Drawing the natural environment closer to spiritual perceptions is hardly something new. Almost a century ago John Muir wrote eloquently of nature and had no problem in seeing it through the lens of someone well versed in Christian traditions. In 1927 a traditionally Calvinistic Jan Smuts published the first work describing the significance of holism in evolution. More than a half century ago Aldo Leopold described a community as including people as well as soils, water, plants and animals all occupying what he called “the land” and existing within a framework of respect for one’s fellow-members and respect for “the community as such”. Forty years ago the Norwegian philosopher Arne Næss established the discipline of deep ecology and declared “No single species of living being has more of this particular right to live and unfold than any other species.”

The big difference now is the size of the audience receiving the message. About 1.3 billion Catholics worldwide will receive the word in the encyclical through the Church via their bishops, priests and deacons. More countless billions of non-Catholics will hear about it online, via a technically highly connected world that, ironically, is one of the targets of Pope Francis’ encyclical ire.

Laudato Si is now added to the body of the Church’s social teachings, and enjoys the highest level of authority in the church, second only to the Gospels and church councils like Vatican II. As such, it continues the kind of reflection on modern-day problems that began way back Pope Leo XIII’s 1891 “Rerum Novarum” on capital and labour. It will almost certainly influence thinking and debate at every societal level where Catholics predominate, and will doubtless have political repercussions in many countries where capitalistic practices and environmental degradation are already significant points of unrest.

But it must be remembered that encyclicals, despite the fanfare that surrounds their unveiling, often do not produce the results the venerable pontiffs intended. Pope Pius XI issued an encyclical in 1930 on Christian marriage and conjugal faith. It has not exactly been a resounding success over the ensuing 85 years. Pope Pius XII issued ten anti-war encyclicals after 1945, three of them protesting the Soviet invasion of Hungary in 1956. Pope Paul VI spoke about the war in Vietnam and Pope John Paul II used speeches to protest against the war in Iraq. It could be argued that there resulted nary a blip on the world response radar. I fear that, in an online and cynical world already firmly connected and blitzed to near-oblivion by information, much of it crass and inane and of every conceivable kind and content, the impact of Laudato Si will likely be muffled and eventually stifled.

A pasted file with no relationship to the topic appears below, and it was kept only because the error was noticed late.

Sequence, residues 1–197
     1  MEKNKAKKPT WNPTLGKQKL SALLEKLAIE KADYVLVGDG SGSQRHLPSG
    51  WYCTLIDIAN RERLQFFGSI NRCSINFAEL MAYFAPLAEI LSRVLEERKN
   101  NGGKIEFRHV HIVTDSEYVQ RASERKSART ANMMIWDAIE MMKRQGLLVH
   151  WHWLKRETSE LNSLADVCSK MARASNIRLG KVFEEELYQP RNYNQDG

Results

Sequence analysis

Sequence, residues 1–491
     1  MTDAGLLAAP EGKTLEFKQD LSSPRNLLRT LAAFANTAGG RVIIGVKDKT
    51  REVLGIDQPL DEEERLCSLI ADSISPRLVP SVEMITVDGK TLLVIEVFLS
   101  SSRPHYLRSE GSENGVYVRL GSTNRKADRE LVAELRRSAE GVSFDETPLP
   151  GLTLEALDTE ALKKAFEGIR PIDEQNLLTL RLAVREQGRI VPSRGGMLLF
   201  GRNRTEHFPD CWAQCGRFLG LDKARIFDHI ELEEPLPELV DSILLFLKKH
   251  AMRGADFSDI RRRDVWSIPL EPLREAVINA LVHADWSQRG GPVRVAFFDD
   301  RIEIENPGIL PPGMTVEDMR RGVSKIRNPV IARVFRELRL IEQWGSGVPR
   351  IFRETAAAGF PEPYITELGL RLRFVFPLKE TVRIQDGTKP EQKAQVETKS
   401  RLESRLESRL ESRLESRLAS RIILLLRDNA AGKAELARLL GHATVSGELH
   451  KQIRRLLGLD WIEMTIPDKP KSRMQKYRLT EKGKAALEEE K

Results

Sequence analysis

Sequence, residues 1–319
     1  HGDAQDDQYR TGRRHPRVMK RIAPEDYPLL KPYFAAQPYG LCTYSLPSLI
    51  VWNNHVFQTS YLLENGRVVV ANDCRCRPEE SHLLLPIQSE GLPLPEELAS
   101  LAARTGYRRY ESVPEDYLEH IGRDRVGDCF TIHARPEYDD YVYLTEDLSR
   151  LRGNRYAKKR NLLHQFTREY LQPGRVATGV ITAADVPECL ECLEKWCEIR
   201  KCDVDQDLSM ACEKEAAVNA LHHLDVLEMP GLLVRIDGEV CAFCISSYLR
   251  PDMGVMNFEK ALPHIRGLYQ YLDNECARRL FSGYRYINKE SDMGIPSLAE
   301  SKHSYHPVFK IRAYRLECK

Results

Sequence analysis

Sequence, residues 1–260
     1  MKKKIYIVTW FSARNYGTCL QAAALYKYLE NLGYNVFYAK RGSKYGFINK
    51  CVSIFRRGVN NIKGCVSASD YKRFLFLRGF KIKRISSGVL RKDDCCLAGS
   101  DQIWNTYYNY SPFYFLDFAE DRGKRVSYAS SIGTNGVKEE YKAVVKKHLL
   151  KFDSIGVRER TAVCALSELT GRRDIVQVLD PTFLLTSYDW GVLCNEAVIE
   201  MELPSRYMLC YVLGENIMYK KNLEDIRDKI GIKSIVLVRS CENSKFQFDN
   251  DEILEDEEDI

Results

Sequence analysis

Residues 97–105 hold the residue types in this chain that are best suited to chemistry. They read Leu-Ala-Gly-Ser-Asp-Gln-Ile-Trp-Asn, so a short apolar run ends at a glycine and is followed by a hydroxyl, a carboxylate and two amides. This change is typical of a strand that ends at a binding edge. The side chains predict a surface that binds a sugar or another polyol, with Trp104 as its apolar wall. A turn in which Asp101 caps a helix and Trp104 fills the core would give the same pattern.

Against this we must weight the view of Pope Francis himself – “St. Francis brought to Christianity an idea of poverty against the luxury, pride, vanity of the civil and ecclesiastical powers of the time. He changed history.

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Dover Beach

by Matthew Arnold (1851)

The sea is calm tonight,
The tide is full, the moon lies fair
Upon the straits; on the French coast the light
Gleams and is gone; the cliffs of England stand
Glimmering and vast, out in the tranquil bay.
Come to the window, sweet is the night air!
Only, from the long line of spray
Where the sea meets the moon-blanched land,
Listen! You hear the grating roar
Of pebbles which the waves draw back and fling
At their return, up the high strand,
Begin, and cease, and then again begin,
With tremulous cadence slow, and bring
The eternal note of sadness in.

Sophocles long ago
Heard it on the Aegean, and it brought
Into his mind the turbid ebb and flow
Of human misery; we
Find also in the sound a thought,
Hearing it by this distant northern sea.

The Sea of Faith
Was once, too, at the full, and round earth’s shore
Lay like the folds of a bright girdle furled.
But now I only hear
Its melancholy, long withdrawing roar,
Retreating to the breath
Of the night-wind, down the vast edges drear
And naked shingles of the world.

Ah, love, let us be true
To one another! for the world, which seems
To lie before us like a land of dreams,
So various, so beautiful, so new,
Hath really neither joy, nor love, nor light,
Nor certitude, nor peace, nor help for pain;
And we are here as on a darkling plain
Swept with confused alarms of struggle and flight,
Where ignorant armies clash by night.

 

 

Elders, youth and the environment– we are in this together

by Diana Ellis

The Suzuki Elders are a voluntary group of self-identified elders working with, and through, the David Suzuki Foundation. At the core of the Suzuki Elders purpose statement is this: “We mentor, encourage and support other elders and the younger generations in dialogue and action on the environment.” For the past three years we’ve put considerable energy into making specific links with youth.

We’ve learned a few things along the way – about working with youth, and about our role as Suzuki Elders in engaging with them.